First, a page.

Best birthday gift ever? Jill Evans’ husband kept the restoration of this Austin 7 Boat Tail a secret for an entire year
Seven is a lucky number in many cultures, and Jill Evans knows it for sure every time she steps into her Austin 7 Boat Tail.
Words: Jane Warwick Photos: Jim Tannock
Mark Evans’ friends are a tiny bit miffed with him. He bought his wife, Jill, a dear little car for a significant birthday and set the bar so high for such gifts that there could well be ructions in other households.
Not only that, but he used the significant birthday as an excuse to indulge himself in his enthusiasm for old cars — and got away with it. That was another cruel blow for his mates.
But he did have a significant advantage; Jill doesn’t simply accept that Mark can’t help himself when it comes to his passion for old cars, she is also smitten with them. So it is remarkable that Mark managed to keep the year-long restoration of a little red 1935 Austin 7 Boat Tail a secret from her in a small town like Picton.
He probably thought he had given himself away a hundred times, but Jill didn’t have a clue, not even a smidgeon. The vehicle was hidden on the other side of town, but that is not very far in a town the size of Picton. Those working on the car didn’t say a word for fear an adjective might get caught up on a passing Marlborough breeze and whisper past Jill’s ear as she sat drinking coffee at Le Café, her favourite pitstop on the waterfront.
They weren’t told who it belonged to either and were ushered smartly on their way. Somehow the secret to keeping a secret was cracked, though nobody knows quite how they achieved that, they were all so excited about the project.
The car that was to become Matilda — in honour of Jill’s mother — was a sorry sight when Mark picked her up from the ferry after her journey from the North Island. She was shabby and bruised and sported a battered roll-bar and full racing harness, indicating she had been hurtled around a few racetracks.
Matilda was a mess, but Mark loved her immediately and unconditionally. He dragged her sorry butt up to Seafarer Marine Engineering where she had the sort of makeover that humans pay enormous sums for in clinics with prestigious addresses.
Her engine was re-bored, her head planed. There were new-to-her valves, pistons, rings and bearings, a radiator and a reconditioned SU carburettor, and she already had a Jack French cam. This was a bonus as British A7 car boffin French was considered the most influential builder of A7 Specials in the 1950s/60s, creating Simplicity, said to be the most famous Austin 7 Special of them all.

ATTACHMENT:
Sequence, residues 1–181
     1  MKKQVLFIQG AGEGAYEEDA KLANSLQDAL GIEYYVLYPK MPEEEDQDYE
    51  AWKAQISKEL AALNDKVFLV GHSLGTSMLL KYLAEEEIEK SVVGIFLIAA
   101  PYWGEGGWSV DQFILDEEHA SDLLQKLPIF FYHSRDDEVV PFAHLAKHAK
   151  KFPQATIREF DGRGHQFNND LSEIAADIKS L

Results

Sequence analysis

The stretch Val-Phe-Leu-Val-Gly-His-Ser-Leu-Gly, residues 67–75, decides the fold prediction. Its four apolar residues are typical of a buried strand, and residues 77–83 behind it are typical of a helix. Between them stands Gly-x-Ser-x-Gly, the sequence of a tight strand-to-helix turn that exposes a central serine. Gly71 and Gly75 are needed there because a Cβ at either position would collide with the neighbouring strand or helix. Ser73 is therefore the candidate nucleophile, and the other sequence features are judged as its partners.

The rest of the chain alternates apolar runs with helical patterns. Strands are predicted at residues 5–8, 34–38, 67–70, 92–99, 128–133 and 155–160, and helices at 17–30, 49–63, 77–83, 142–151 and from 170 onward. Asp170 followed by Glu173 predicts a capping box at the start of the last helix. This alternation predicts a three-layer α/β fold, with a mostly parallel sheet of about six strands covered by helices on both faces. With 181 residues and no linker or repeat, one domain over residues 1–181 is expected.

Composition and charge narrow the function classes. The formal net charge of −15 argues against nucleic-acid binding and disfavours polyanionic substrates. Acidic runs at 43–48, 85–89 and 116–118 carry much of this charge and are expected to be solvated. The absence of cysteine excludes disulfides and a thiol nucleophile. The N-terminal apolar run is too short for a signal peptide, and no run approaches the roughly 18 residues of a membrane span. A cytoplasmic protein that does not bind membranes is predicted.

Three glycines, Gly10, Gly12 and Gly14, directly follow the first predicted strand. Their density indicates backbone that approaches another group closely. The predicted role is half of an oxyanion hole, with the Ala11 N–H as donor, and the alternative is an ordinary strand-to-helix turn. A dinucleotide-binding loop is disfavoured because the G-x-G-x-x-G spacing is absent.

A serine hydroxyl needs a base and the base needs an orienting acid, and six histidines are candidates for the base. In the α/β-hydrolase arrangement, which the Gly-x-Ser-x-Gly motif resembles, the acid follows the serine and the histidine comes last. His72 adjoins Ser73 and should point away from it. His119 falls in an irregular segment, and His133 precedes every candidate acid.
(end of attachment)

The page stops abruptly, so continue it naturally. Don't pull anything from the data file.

Matilda also benefited from the expertise of a local boffin, Blenheim’s Graeme Fineran, who Mark describes as an old-school precision engineer with excellent knowledge of the deficiencies and vagaries of vintage castings and the “cans and can’ts” of such work. Matilda’s entire engine is made of original Austin parts, mostly supplied by Peter Woodend from Classic Tyres in Tauranga, who has an extensive parts catalogue and what he doesn’t have he can import from Britain.
The ease of being able to source parts locally was a massive bonus in the restoration of Matilda; her only new part was the electric water pump Mark installed to overcome heating problems.
She may have had her guts ripped out, but she never lost her heart, which was all too obvious when she finally had her new red coat put on and her name painted on in gentle cursive — Matilda.
Jill had some friends over for that significant birthday, and Mark called them into the carport. There was Matilda, all bashful in her polished new livery, peering at Jill over the top of her twin aero-screens. Like Mark, Jill fell immediately and unconditionally in love.
It took her a few goes to get used to Matilda’s clunky gear shift. It had been more years than Jill cared to remember since she had stick-shifted her way around (in an old VW Bug), but it came back to her with a bit of practise. She also had to learn to step firmly on the brakes because they weren’t hydraulic, and there was a bit of arm-waving going on because there wasn’t an electric indicator.
That was five years ago, and now it’s hard to imagine Picton without Matilda. Passengers off the inter-island ferries and the cruise ships take photos and ask to sit in her.
Being roofless might make Matilda a fair-weather car, but never a fair-weather friend. Of course, she and Jill have had their ups and downs although, perversely, the downs have been the ups; hills are not Matilda’s thing. Jill has a friend living at the bottom of a steep drive. It took Matilda several runs at it before she got a grip and staggered to the top, Jill and her friend in fits of laughter.
Another time, Matilda boiled labouring up a hill on route to Blenheim. Jill had to coast down the other side where fortunately there was a camping ground where she got some water while Matilda cooled off in the wind.
There could have been a solution to the hill problem, but Jill wasn’t up for trying it. She saw an advertisement for a gathering of Austins in Havelock, just under an hour and several hills away. Much to Jill’s surprise there was another Boat Tail there, this one owned by a lady who had raced the vehicle at the famous Silverstone Circuit in England before shipping it to New Zealand.
“What you need to do,” advised the woman, as a hot and bothered Matilda ticked over quietly, cooling down, “is add some Avgas (aviation fuel) to your mix; that will take care of the hills.” Jill wasn’t sure whether to be appalled or amused. She does have a little leather driving helmet, but she wasn’t at all keen on turning it into a flying helmet.
Matilda has been the wedding car for two of Jill’s four lanky sons, knees up to their chins in the bucket seats, and there is rarely a family event in which she is not included. The name Matilda means strength in battle and fits Jill’s tiny car perfectly: Matilda, battler of Marlborough’s hills.